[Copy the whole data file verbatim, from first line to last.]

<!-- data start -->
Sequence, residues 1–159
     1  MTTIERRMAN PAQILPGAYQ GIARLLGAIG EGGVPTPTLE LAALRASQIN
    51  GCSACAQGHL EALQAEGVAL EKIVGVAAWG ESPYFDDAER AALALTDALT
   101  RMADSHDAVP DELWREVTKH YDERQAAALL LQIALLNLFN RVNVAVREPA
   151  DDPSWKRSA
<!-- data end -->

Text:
Sequence, residues 1–159
     1  MTTIERRMAN PAQILPGAYQ GIARLLGAIG EGGVPTPTLE LAALRASQIN
    51  GCSACAQGHL EALQAEGVAL EKIVGVAAWG ESPYFDDAER AALALTDALT
   101  RMADSHDAVP DELWREVTKH YDERQAAALL LQIALLNLFN RVNVAVREPA
   151  DDPSWKRSA